Ultimately, what I was trying to do was use my hardware synth to perform MIDI (instead of straight audio) using the actual sounds from the synth. Now that I think about, I suppose I can assign any midi information to the output of my synth (the obvious problem being the sound that will be played from the synth can only be the sound I happen to be using). From there, per an earlier post in this same thread, I can render that MIDI out to audio, go to a different MIDI track, dial up a different sound, send that to the synth, then render that out…basically I want midi information to play the hardware rather than using VSTs.

Yes, this is what old farts like me were doing all the time before virtual instruments existed. Recording each voice one after another.
The advantage of a defined external instrument over a simple midi track is that the audio connection os already defined and this way Cubase can make it look like the external synth is a plugin (ease of use). But the main difference remains: Plugins can be bought once and used many times simultaneously in a project. A hardware synth can only be used once at the same time. Your synth can act like two synths and can be addressed via two different midi channels. You’ll have to set it up accordingly. If you want to do that, use one Instrument track and one MIDI track as I explained above.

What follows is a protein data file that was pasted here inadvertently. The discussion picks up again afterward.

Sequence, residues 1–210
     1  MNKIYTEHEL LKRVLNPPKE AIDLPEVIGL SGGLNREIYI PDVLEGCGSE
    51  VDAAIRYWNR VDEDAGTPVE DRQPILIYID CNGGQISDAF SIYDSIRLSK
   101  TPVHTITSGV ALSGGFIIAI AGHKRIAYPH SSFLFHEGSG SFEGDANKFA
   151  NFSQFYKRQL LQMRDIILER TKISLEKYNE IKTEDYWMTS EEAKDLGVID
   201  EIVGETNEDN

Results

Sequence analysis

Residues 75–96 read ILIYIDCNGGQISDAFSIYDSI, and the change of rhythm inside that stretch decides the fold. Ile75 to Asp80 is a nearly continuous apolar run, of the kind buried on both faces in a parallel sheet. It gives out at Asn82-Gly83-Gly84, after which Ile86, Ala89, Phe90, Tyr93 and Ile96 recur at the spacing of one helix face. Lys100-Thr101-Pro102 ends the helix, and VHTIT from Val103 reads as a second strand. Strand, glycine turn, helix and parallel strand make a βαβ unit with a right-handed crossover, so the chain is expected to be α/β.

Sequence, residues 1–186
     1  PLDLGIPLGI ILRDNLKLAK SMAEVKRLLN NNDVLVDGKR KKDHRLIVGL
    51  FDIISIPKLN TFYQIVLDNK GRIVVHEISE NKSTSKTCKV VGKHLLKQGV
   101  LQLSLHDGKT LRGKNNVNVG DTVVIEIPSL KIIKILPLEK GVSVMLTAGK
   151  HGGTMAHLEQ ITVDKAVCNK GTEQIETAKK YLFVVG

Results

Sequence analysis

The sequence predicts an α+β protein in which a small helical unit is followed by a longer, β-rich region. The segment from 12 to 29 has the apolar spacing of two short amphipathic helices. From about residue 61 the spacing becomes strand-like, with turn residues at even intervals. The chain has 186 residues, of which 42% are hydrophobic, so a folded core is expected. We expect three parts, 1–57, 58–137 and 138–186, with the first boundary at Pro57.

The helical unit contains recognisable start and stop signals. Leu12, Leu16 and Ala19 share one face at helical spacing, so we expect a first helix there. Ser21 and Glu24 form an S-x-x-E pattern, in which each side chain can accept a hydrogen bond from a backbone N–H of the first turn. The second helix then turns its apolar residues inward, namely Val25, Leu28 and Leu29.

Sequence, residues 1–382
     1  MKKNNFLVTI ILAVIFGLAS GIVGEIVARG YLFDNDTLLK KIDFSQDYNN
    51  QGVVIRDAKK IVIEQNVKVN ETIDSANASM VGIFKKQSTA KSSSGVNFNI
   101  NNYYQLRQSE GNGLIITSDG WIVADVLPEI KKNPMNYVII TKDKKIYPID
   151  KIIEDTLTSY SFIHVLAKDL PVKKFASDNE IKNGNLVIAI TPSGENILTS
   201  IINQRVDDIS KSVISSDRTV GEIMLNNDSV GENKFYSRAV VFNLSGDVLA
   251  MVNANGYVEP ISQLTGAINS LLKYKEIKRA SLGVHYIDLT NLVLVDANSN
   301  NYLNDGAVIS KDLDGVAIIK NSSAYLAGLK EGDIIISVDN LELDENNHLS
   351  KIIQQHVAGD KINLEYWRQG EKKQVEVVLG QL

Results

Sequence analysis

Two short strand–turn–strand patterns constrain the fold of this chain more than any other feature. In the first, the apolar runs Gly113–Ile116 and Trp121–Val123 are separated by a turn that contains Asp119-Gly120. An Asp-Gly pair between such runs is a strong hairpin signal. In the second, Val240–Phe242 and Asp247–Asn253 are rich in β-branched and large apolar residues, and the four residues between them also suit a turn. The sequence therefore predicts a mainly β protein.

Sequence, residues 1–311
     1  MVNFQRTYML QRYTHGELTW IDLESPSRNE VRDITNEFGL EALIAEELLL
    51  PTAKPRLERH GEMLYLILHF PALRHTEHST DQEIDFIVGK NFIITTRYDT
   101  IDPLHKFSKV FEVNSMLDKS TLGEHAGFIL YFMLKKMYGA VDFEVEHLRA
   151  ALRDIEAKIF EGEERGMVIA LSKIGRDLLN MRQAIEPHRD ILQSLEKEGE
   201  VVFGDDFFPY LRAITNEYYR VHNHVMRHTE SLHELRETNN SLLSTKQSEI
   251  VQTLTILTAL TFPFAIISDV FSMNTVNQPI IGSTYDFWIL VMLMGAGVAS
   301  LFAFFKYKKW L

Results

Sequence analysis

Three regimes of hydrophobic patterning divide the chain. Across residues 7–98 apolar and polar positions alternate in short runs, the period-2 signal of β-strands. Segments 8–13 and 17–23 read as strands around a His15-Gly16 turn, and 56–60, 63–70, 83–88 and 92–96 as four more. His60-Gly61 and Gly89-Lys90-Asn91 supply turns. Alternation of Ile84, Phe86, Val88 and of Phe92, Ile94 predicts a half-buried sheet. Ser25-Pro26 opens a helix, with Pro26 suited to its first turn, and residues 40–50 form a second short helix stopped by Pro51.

Hey @Johnny_Moneto I’m a fellow old fart LOL! I have a boatload of soft synths, and yes, there are some fantastic advantages. As someone who has chosen to recently explore hardware synths, I’m trying to learn a hardware synth workflow that will allow me to use my own sounds. I’m sure I’ll end up in some hybrid environment using a mix of hardware and software synths. Meanwhile, this is all really great information and thank you for taking the time to provide it!

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I would like to take this opportunity to ask another question on this subject.

I’ve created an external instrument for my Nord Piano 4.

It works well but I have always the same problem : when I play the piano, the sound is “phasing” (sent twice). It’s only when I’m playing, the recorded audio (or midi) track is ok.

Midi local control on the Nord Piano is off.
The only way I found to solve the problem is to mute the piano audio inputs on my audio interface (Scarlett 8i6).

But in this case I have to reactivate it every time when I want to play the piano outside of Cubase…

Is there another way to resolve this problem of sound being sent twice when playing the piano on Cubase ?

From your description, I would have thought Local Off would be the solution.
If you play the Nord without having a MIDI/Instrument Track Record Enabled or Monitor turned on, there shouldn’t be any sound coming from it if Local Off is enabled.
You could also disable MIDI Through in the Preferences.